The winds of change began blowing this week so that means the fall color is in thinning mode. But it’s been a weird year that appears to have started late with some lingering green so that might mean even with the wind, we could get bonus October gold. Let’s hope so. But no matter what, we all know that it doesn’t last long so if you have the chance — get out there, even if for a few minutes. Your soul will thank you. Close the store and run up to the Woods Walk for 20 minutes. Instead of going home for lunch, hop on a bike and ride the Lower Loop. Postpone the Zoom and step away from the screen and breathe in the Budd or Baxter’s. The gold in this town is literally out the back door…but it won’t last much longer.
One of the best feelings is driving the right way on Highway 285. Popping to the Front Range on Thursday, the majority of cars were heading into the mountains and the traffic was heavy heading west. On Sunday coming back to the valley it was busy to Bailey but nothing but sunshine and a few RVs heading back toward Fairplay as we hit South Park. As the Frangers stopped on top of Kenosha Pass to see some color, all those vehicles and more that headed west pre-weekend were on Sunday heading back to the suburbs. The line of traffic was literally stopped from the pass to that little town of Jefferson. Ouch. Another reason to appreciate where we live is that going against the grain pays benefits.
There is certainly no shortage of people out there. I know we think it’s crowded here but holy moly, take a run on I-25 for any distance, any time of the day if you need company. Who are these people? Don’t they have jobs? Apparently not as it’s pretty much bumper to bumper out there 24/7.
Colorado added nearly 745,000 new residents since 2010, a 14.8 percent increase and more than 43 other states. Some of them come to the mountains but most stay on the Front Range near Denver, Boulder and Colorado Springs. Still, the growth there has pushed some of the old timers to the Western Slope. We are seeing that here and it’s not a bad thing as long as those coming here don’t bring their big city attitudes. The ones I’ve met haven’t. They like what the place offers and don’t want CB to turn into Lyons. They appreciate the place for what it is, which is not a mall with a Macy’s but an opportunity to walk out the door and hike in the aspens.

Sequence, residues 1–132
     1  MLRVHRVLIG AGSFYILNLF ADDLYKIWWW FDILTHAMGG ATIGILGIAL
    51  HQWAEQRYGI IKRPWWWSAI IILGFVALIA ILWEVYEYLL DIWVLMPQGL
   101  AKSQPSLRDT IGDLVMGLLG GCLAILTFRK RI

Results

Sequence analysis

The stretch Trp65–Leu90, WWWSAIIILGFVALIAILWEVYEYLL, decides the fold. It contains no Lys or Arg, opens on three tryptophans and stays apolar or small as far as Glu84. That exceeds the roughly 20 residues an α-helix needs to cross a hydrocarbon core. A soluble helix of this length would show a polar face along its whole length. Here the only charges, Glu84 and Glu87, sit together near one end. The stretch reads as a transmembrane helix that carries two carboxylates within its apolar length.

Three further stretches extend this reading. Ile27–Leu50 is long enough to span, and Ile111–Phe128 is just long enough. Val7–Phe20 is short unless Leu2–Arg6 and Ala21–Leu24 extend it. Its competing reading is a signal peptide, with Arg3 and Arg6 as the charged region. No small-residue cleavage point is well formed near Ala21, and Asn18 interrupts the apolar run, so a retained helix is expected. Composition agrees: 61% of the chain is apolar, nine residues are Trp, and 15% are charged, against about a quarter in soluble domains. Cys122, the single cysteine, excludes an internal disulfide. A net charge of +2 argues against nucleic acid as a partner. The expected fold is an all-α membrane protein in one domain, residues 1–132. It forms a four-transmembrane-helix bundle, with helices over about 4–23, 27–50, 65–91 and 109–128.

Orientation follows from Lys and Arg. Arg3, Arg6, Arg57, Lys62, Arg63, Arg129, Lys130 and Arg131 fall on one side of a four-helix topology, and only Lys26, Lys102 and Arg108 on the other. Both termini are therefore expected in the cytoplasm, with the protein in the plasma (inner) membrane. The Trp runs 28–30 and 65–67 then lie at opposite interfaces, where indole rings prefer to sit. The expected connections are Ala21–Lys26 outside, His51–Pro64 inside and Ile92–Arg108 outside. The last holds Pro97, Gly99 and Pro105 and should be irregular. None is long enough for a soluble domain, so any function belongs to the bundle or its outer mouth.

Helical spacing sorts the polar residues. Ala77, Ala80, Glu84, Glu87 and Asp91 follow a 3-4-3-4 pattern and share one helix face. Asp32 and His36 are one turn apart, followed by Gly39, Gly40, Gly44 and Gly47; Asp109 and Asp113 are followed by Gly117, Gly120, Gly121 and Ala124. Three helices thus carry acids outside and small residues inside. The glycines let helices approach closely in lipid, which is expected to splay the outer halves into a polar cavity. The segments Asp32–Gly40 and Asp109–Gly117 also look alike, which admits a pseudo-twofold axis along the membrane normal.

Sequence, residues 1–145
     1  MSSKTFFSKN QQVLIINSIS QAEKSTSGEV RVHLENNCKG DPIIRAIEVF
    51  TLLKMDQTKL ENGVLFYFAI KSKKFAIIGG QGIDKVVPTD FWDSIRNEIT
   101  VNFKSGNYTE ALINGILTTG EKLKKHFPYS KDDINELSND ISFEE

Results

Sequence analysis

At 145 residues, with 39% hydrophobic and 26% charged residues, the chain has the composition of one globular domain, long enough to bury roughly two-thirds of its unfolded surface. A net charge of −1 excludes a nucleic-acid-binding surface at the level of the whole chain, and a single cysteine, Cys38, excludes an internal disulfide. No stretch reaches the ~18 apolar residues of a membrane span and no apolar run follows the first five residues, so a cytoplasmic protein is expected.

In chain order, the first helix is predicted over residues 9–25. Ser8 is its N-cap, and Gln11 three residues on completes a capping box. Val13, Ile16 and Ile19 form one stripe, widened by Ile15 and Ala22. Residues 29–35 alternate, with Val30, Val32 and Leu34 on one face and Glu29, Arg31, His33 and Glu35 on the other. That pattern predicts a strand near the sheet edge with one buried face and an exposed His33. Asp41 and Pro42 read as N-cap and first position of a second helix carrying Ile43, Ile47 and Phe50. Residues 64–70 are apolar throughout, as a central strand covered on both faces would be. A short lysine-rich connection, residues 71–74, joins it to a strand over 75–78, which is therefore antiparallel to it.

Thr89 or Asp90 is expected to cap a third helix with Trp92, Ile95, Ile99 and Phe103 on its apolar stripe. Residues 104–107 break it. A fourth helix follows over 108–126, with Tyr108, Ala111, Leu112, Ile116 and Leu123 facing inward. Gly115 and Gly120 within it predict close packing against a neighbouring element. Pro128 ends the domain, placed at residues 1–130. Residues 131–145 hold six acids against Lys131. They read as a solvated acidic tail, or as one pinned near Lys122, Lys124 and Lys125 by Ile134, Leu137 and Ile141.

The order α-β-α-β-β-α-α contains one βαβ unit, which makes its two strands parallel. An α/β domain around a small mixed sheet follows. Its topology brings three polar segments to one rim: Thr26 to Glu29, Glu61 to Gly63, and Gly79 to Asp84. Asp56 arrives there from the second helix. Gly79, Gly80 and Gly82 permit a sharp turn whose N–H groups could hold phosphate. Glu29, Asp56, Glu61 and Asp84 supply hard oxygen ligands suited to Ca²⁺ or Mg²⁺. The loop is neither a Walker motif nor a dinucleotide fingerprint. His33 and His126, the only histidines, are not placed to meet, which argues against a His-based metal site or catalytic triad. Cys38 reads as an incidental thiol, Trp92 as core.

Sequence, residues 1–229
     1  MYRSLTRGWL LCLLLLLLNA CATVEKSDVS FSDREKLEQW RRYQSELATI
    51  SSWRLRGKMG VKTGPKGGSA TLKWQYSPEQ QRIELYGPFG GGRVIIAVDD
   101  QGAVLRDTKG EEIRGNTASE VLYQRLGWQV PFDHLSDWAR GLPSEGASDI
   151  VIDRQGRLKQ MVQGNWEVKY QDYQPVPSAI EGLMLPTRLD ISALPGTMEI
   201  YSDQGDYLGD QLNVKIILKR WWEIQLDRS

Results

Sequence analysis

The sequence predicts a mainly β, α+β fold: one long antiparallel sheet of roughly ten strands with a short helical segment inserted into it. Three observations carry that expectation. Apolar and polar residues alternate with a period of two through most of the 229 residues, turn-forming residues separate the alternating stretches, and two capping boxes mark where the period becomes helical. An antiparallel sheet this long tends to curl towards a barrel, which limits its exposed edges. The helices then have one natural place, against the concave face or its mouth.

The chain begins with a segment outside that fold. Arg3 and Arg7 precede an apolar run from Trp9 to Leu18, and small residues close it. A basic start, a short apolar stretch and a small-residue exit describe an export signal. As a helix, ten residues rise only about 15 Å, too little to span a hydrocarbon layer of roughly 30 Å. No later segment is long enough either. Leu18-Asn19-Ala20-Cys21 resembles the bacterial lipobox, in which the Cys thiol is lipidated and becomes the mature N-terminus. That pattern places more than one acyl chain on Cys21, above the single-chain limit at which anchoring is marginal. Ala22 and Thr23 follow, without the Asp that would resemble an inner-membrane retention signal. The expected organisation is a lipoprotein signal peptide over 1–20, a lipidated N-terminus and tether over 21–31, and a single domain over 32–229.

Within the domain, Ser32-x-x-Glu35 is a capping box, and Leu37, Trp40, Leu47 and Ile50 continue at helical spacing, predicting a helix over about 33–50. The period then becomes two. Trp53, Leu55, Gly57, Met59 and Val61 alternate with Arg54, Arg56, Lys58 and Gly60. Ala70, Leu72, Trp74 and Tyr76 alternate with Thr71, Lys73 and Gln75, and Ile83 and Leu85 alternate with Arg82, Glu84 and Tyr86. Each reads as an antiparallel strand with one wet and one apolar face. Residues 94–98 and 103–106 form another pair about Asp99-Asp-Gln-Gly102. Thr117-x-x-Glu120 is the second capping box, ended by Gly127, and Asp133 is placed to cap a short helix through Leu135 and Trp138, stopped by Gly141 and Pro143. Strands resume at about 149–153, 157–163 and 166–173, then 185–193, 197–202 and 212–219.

As a reminder to those who are new here – and all of us really who might get caught up in the new busyness — slow down. Look up from the cell phone. Wander softly into the woods.
Looking down at the cell phone while in Denver (I was in the city after all), I saw that Saturday morning at Third and Elk looked like the Fourth of July. Emma Coburn’s Instagram showed throngs of smiling people ready to run for Living Journeys. And they did. The comments on Facebook after indicated an event that brought joy to a lot of people. You can’t ask for much more than that. The fact it attracted a bunch of high school cross country teams excited to get high fived from one of the country’s most famous Olympic runners was another benefit. It just appeared to be a great event that has evolved organically from one of the village kids that helps one of the valley’s organic non-profits. Great stuff comes from sincere and organic effort.
Talking recently to another guy who has been in the valley for decades, we agreed that the unique access opportunity is still one of the best things about the quickly changing place. You don’t have to drive 30 minutes to a trailhead. You can hop on the bike and be deep into the woods and by a river within minutes. In the winter, the skiing is a 12-minute bus ride away. That is not the case everywhere and amongst all the changes, we should remember the good. Of course, it is that good that is attracting more and more people here and driving up prices more and more. But for those lucky enough to be living and working here right now, don’t forget to take advantage of the things that brought you here and are unique to the valley.
Taking that advice Monday, I was able to get out on Strand Monday morning with my kid. He told me that Crested Butte is now one of the places all the Instagram influencers are putting on their list. They come here to take a photo of the small town and beautiful valley. Instagram is apparently filling up with gorgeous men and women dancing and prancing in front of our gorgeous and identifiable mountain. His view was that that is what will drive the next wave of people here. Great.
We can all feel the winds of change, both big and small coming to this valley. Real work is being done to try and guide the change because a finger in the dike isn’t going to stop it. Housing for workers near their jobs matters. Collaboration for regional backcountry management matters. Not being afraid to pivot from plans that perhaps didn’t work as well as intended (hello Elk Avenue one-way and nearby parking rules) matters. Welcoming and being inclusive of a broad community that loves the place, matters.
Like it or not, we can expect more people to join us here. It’s what we do to help them understand the place and be part of the community that will maintain our unique foundation. Slow down. Get out in the gold while it is still here. Appreciate the community for what it is. Understand that to really be part of the place means more than taking an Instagram photo in front of the Butte. Get out into it…and there are few better times than now.